My last post resulting from the TOC ICO conference last week. We'll see if I keep up this rate of blogging in general.
Steve Holt gave a talk entitled "Stay on the Red Curve by Making Your Own Products Obsolete." He touched on a lot of topics, but the general idea is that the competitive advantage linked to innovations (in product, service, etc) can only last so long for a business.
This "red curve" reference has to do with a presentation Eli Goldratt made a number of years ago, where he drew a growth curve in red with a stability curve, usually drawn in green. (The color choice had to do with the fact of the pens he had with him at the time.) The admonishment is to find ways to stay on that red curve - in the discussions of the time, these were Viable Vision offers. Today, the TOC community refers to being an ever-flourishing company. In any case, it is the concept that a company should be able to grow and grow along the red curve, instead of stabilizing (stagnating) on the green curve.
Steve made the interesting connection between the red/green curve and the wider conversations about adoption curves - curves that are usually drawn as S-curves: slow introduction, rapid growth, and then maturity (or even depletion). Innovation Zen has a decent description of the idea of S-Curves. This discussion talks about new technology performance, but it can refer to adoption and money gained through an innovation as well. The article also has a drawing of exactly the connection that Steve made: if you overlap a couple of S-Curves you end up getting a portion that looks like the overlap of the red and green curves: the first S is hitting stabilization while the second S is starting to take off.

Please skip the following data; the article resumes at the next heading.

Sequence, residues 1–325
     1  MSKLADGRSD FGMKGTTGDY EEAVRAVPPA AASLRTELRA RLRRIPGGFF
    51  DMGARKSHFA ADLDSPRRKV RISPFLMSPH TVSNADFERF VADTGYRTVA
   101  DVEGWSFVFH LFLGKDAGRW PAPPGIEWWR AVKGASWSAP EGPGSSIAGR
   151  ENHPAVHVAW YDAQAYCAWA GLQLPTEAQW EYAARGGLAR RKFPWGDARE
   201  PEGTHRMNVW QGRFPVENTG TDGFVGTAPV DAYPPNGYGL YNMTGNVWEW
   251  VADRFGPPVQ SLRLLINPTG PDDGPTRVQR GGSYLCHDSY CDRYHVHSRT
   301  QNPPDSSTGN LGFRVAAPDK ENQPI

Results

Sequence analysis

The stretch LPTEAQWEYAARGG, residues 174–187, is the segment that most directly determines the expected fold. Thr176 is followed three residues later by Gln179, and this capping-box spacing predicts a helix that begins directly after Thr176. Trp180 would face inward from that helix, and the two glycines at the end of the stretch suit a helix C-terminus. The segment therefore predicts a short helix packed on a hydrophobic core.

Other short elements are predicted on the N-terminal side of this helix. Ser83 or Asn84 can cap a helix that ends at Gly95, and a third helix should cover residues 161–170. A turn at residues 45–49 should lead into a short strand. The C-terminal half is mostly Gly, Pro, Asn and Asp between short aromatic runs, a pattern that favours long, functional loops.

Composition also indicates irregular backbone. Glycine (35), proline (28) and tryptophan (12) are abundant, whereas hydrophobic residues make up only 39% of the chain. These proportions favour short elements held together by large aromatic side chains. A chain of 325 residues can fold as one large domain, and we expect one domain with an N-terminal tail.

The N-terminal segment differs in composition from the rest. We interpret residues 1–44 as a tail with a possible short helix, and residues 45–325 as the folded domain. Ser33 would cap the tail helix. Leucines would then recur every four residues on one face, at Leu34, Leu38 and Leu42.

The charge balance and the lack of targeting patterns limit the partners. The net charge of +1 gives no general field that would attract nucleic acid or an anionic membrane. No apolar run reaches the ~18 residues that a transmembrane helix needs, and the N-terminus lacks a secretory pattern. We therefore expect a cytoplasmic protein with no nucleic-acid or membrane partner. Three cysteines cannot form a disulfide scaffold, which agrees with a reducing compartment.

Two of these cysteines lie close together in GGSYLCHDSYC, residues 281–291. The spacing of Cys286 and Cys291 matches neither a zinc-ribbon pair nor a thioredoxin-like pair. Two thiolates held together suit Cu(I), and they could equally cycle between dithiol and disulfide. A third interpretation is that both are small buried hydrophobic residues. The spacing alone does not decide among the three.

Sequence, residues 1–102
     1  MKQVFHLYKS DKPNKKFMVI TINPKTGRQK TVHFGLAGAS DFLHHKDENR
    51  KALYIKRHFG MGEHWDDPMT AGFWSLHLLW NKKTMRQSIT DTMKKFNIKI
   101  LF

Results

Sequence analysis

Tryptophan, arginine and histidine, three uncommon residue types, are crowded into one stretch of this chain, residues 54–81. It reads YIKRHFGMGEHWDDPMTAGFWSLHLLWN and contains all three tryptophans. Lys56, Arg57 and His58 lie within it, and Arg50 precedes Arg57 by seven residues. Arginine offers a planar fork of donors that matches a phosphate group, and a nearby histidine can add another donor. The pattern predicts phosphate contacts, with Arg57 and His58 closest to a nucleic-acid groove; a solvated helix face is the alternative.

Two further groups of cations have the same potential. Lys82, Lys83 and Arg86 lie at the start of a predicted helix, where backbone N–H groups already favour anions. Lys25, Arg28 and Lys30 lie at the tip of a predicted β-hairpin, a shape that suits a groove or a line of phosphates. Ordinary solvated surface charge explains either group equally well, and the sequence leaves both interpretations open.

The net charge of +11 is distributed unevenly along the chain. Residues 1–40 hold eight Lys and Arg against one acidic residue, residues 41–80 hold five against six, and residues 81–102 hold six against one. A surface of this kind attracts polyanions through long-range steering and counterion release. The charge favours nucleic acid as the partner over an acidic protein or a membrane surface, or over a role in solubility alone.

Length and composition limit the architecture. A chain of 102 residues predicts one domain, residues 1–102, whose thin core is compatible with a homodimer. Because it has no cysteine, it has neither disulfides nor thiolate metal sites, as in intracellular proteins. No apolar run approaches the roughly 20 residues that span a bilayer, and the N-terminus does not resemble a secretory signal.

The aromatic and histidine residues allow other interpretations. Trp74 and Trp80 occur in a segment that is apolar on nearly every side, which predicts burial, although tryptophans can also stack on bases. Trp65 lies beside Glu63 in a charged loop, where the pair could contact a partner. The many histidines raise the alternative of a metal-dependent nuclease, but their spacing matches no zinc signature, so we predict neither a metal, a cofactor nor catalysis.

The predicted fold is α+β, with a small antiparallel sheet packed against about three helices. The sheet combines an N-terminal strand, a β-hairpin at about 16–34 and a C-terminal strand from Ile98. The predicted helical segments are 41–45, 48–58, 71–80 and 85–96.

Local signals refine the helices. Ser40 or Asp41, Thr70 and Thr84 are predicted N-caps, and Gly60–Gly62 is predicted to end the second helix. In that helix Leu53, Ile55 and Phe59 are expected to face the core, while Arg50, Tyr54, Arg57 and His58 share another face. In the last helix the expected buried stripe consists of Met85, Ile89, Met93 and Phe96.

Steve's suggestion is that for a company to survive, it must be on the lookout for the next red curve - and for the inflection point in their current curve. For me, the interesting point in Steve's discussion was the idea that it is very difficult for people/organizations to think like this. It's easy to rest on our laurels of the current performance, either thinking it will continue forever or that no one else will catch up. The business world has plenty of these examples. See The Innovator's Dilemma and many related books and ideas that say as much. Most of these discussions say similar things: companies are doomed to fall to someone else "eating their lunch."
Steve is a little more optimistic. There are some strategies companies could employ to become their own red curve-generating machine. He referenced a number of approaches: Blue Ocean, Crossing the Chasm, Wisdom of Crowds, value of experts, critical thinking, etc, etc. One element that was new to me is the US Army's Red Teaming concept that includes structured ways to think. (Reviewing my notes, I see some similarities to what John Ricketts discussed in the idea of dynamic S&T Trees.)
Finally, one element that Steve mentioned a couple of times and that I heard in some of the other talks at the conference: Quite often the innovative or brilliant ideas that create the next leap for an organization are already known to some people in the organization. They haven't come to the fore for many reasons: fear of standing out, fear of being wrong, filtered out by management, etc.
So, how do you overcome this obstacle? Another familiar topic: getting everyone involved and aligned to the goal of the organization. And there has to be an honest desire to hear the new ideas throughout as well.